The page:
River Seven, Yorkshire

Early switch of tactics pays dividends on the Seven


Greedy for more fishing before the season ends I had something of a dilemma. After the heavy recent rain, which water would be most fishable? I didn’t fancy the upper stretch of the Seven because if it was a bit high and coloured wading would be a gamble, and having sat on my backside in Pickering Beck the other day I didn’t fancy taking the risk.

I’d fished Thornton Beck fairly recently so didn’t feel the urge to give it another go just yet, and the Environment Agency website suggested that Pickering Beck was still pretty high. So I opted for the middle section of the Seven and off I went.

I was thinking goldhead nymph – with the water a tad colder and with a bit of extra depth on it. I’d recently bought, for the first time, some tungsten beads and had tied up a handful of hare’s ears in 16 and 18. These, I reckoned, would do the biz:


It was windy but bright and warming up when I got to the river. The water was not as high as I had feared – maybe an extra 7 or 8 inches – and was not too badly coloured. More black tea than hot chocolate, another bonus:


I tackled up with the 7.5 footer with a 3wt floating line and a 10 ft leader. I’d normally opt for a longer leader than that but was wary of the stiffish breeze.

I’d noticed a couple of rises but decided to persist with my goldhead scheme. Got in, negotiated a length of barbed wire stretched across the water attached to a drowned fence post, and lobbed the nymph over the rises.

Nothing doing. I persisted for about 20 or 30 minutes, then thought this is silly. Fish are rising freely enough so get a dry over them. So on went a small foam-headed emerger, purple body, flashabou rib:


I cast to a rise that was only eight or nine feet away and bang! A belter of around 12″:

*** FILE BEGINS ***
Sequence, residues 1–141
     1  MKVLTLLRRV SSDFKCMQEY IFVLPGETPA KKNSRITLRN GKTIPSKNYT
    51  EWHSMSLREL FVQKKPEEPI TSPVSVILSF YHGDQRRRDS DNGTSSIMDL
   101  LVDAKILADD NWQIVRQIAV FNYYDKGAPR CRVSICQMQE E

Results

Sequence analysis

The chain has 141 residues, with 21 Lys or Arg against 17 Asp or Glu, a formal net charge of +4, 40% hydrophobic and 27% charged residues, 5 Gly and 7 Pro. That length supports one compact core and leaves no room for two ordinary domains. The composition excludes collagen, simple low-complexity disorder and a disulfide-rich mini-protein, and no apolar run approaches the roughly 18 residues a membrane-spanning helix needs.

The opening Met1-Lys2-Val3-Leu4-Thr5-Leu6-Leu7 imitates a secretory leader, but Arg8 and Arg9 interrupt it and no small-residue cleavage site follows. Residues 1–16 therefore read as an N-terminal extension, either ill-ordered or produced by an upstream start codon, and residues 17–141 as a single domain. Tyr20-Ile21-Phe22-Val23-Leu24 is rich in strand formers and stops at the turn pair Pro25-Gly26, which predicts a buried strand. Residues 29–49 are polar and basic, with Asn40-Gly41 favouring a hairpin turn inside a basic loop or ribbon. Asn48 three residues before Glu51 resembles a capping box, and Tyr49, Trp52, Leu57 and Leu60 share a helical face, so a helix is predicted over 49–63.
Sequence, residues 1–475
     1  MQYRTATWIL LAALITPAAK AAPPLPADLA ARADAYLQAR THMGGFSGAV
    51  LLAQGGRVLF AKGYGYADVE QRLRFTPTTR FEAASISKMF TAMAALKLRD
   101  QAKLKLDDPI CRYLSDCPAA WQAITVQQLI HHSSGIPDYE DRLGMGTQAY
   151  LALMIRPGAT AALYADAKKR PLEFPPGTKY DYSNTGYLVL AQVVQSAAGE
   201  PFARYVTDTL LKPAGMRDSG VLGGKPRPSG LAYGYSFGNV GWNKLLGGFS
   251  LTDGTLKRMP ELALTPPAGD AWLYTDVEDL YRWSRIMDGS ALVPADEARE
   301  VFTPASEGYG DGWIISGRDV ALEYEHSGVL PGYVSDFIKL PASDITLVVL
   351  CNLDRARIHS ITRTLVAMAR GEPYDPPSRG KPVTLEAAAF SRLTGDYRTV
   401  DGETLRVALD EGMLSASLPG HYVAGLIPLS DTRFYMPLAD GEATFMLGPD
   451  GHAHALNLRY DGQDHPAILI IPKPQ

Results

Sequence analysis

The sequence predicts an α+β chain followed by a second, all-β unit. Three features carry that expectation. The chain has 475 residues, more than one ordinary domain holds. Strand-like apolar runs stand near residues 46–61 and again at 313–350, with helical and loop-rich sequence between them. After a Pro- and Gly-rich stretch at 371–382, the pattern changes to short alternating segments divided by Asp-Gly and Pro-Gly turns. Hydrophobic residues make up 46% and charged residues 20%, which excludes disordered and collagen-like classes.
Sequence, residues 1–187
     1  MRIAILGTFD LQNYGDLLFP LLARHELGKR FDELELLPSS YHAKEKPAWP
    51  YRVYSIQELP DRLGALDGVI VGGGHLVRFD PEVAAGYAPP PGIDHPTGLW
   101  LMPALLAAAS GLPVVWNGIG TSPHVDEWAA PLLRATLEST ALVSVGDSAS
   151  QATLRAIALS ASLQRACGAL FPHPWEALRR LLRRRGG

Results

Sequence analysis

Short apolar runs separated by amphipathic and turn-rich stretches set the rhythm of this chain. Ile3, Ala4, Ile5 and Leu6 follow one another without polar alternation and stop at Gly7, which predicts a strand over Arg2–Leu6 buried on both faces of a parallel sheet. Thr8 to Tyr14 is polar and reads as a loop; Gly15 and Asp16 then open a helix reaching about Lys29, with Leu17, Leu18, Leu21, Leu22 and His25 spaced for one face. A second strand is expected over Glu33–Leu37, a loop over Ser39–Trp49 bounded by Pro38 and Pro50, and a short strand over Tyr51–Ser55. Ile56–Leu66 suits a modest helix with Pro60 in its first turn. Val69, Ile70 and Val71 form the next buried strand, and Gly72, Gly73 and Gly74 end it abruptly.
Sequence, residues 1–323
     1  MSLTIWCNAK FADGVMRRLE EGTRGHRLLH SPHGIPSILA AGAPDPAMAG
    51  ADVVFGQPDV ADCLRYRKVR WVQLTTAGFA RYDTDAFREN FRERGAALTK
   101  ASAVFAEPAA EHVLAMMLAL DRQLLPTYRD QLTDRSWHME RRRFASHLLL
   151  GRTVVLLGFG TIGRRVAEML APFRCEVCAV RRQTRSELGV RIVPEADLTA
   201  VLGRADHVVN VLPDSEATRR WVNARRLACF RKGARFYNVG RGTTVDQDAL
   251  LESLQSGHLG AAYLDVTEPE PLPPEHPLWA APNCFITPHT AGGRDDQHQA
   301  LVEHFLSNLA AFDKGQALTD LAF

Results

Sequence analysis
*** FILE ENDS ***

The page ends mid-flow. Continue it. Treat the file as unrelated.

Decision to switch flies vindicated! Two casts later and another one was on:


I was surprised at the amount of surface activity this late in the season. I started to fill my boots, picking up regularly, losing the odd one or two. I have to say I was casting like a demon, even if the wind was giving me a helping hand. I was covering rises close the bank and under overhanging branches. Spotted one rise under a bush, managed after two or three attempts to get the fly to drift nicely over the rise. I could see the leader starting to bow and knew that I only had a second or two before the dreaded drag set in. Then a flash of silver and the fish was on. Superb.


Within an hour, and having covered only about 150 yards of water, I’d had a good dozen to the hand. This was really terrific sport.

Things quietened down a bit after lunch (I’d started at about 11.45 am), and I decided to have another crack with the goldhead, but nothing happening so back to the emerger.

Carried on up water like this:


Picking up fairly regularly, including this thin fellow of about 10″:


Anyhow, after a bit over 4 hours’ fishing I’d bagged 24 and lost a fair few. Really excellent top-of-the-water late season sport.

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  1. Simon, another great post, thanks. This is one of my favourite beats on our stretch and it’s good to see so many fish coming out – I’m not sure that ‘hopelessly optimistic’ is ringing true anymore……

  2. Nice write up. Sounds like you had a very enjoyable few hours. It’s nice when it all comes together.

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